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Exploding Kittens





Kennedy Unthank

TV Series Review

Up in heaven (at least this Netflix version of it), God’s been called into a board meeting.

The board—made up of a variety of creatures—is upset with God’s recent lazy nonchalance. It recently caused an incident in which He burned the west side of heaven after He fell asleep waiting for His pizza to finish cooking. He hasn’t even answered a prayer in some time. And they think a little “rehabilitation” initiative would help Him to empathize again with the humans down below.

In fact, they’ve got just the folks to help: the Higgins family, made up of nerdy patriarch Marv; crazy wine mom Abbie; science-focused Greta; and hopeful viral content creator Travis. One of those four, the board says, sent up a prayer asking God to save them—not from their sins or anything, but more of a “make the weirdos in our family less weird” kind of thing.

They send God down in the body of a talking cat to fulfill His duty—and He’s not allowed back until He answers the prayer…and a whole lot of other issues around the world.

It’s a situation that’s tough enough, what with humanity’s tendency to not really want to follow the things of God. But it’s about to be made tougher; turns out, Hell had its own board meeting and found Beelzebub to be similarly lacking in her own leadership skills. They also sent her up to Earth as a cat.

And she’s got plans to foil everything God wants to do.

Play Your ‘Nope’ Card

Perhaps they should have stuck to making party games.

Exploding Kittens, the company, dominates your Target board game section with plenty of memorable games like Throw Throw Burrito, Bears vs. Babies and, of course, Exploding Kittens and its expansions. It apparently hopes to expand its reach by moving into your Netflix library.

The animated series focuses on two cards from the eponymous card game’s “Good vs Evil” expansion: the GodCat and the DevilCat. And their influence in the show goes far beyond determining whether a player explodes out of the game.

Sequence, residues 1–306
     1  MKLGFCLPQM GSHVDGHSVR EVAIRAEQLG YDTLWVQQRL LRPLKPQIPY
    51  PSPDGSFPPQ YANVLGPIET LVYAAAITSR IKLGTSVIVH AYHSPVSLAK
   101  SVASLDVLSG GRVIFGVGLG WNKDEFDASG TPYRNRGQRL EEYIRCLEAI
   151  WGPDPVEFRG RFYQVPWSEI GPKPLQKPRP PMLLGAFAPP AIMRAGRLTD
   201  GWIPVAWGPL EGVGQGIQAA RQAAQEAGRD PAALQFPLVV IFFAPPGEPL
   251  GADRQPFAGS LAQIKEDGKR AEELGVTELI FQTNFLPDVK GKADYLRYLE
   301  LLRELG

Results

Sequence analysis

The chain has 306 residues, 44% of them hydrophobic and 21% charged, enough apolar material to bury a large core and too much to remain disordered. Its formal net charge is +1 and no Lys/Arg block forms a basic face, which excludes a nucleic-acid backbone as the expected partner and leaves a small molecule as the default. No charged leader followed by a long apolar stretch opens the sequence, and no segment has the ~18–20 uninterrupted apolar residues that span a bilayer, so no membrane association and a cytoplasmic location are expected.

To put it bluntly, Exploding Kittens, the Netflix show, is irreverent and intolerant, taking Christian beliefs as a springboard for crude jokes. The God found in the series more closely resembles a mix of deistic and Greek theology than the Father and Creator we know from the Bible—a god who created the world but couldn’t be bothered to continue to care about it until someone forced his hand. He is distinctly unsovereign and unimpressive.

These crudities continue further: in this universe, God didn’t oversee the Bible’s creation and instead simply sat in to provide a title. He’s constantly criticized for design flaws. And in one episode, He has sex with the literal anti-Christ.

And when God (and the many other characters) aren’t making jokes about religion, they’re making jokes about sex. In terms of other content issues, some characters die in pretty gruesome ways. And crude language likewise joins this very Bunyan-like Vanity Fair.

And not even a defuse card will save you from this one.

(Editor’s Note: Plugged In is rarely able to watch every episode of a given series for review. As such, there’s always a chance that you might see a problem that we didn’t. If you notice content that you feel should be included in our review, send us an email at [email protected], or contact us via Facebook or Instagram, and be sure to let us know the episode number, title and season so that we can check it out.)

Episode Reviews

July 10, 2024 – S1, E1: “Pilot”